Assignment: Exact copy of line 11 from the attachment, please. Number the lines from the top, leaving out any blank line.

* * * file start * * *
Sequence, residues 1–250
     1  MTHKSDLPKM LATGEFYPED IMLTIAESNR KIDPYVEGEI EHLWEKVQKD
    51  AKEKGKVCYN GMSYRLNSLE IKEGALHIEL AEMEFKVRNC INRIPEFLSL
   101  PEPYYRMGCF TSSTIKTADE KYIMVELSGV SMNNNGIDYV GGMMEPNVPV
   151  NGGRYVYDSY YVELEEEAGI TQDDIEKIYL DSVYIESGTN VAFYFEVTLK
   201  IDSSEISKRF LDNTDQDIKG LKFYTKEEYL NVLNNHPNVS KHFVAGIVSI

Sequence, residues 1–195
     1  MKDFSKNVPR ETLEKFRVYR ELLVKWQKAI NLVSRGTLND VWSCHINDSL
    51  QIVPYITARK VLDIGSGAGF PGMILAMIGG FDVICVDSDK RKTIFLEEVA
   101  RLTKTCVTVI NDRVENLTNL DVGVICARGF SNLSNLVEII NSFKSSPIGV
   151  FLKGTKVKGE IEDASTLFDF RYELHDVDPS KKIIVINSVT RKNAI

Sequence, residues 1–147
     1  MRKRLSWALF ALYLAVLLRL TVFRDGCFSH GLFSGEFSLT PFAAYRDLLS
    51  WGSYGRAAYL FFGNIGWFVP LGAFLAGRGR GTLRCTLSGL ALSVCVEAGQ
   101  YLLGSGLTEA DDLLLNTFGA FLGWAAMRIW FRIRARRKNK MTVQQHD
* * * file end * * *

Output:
   151  FLKGTKVKGE IEDASTLFDF RYELHDVDPS KKIIVINSVT RKNAI